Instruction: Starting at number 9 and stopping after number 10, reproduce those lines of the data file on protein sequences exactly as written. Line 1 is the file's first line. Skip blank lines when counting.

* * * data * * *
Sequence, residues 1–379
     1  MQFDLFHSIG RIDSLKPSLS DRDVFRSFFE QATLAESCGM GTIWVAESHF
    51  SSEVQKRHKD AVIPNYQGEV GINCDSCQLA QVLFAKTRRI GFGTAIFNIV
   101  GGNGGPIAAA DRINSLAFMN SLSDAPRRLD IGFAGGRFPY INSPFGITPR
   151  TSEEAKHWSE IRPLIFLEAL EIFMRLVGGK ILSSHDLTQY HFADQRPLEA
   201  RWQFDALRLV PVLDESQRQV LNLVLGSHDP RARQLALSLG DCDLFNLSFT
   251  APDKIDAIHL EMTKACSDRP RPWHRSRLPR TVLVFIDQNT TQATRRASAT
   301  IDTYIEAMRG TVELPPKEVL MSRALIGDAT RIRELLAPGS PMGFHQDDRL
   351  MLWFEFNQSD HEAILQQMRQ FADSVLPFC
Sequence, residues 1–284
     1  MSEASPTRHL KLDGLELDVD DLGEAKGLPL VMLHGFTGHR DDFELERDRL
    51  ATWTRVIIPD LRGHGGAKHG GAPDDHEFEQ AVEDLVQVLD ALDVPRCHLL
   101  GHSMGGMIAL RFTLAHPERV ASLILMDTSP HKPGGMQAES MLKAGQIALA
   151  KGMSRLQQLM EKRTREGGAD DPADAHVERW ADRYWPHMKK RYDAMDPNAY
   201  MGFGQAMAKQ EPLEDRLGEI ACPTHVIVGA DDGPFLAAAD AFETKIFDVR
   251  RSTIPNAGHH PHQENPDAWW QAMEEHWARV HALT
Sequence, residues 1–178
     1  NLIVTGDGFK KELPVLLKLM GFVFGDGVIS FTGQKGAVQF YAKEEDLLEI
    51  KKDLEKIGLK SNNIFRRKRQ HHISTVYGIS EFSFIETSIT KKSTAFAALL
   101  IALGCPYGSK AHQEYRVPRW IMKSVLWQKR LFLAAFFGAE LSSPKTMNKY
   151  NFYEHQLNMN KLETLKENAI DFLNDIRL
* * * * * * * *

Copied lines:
   351  MLWFEFNQSD HEAILQQMRQ FADSVLPFC
Sequence, residues 1–284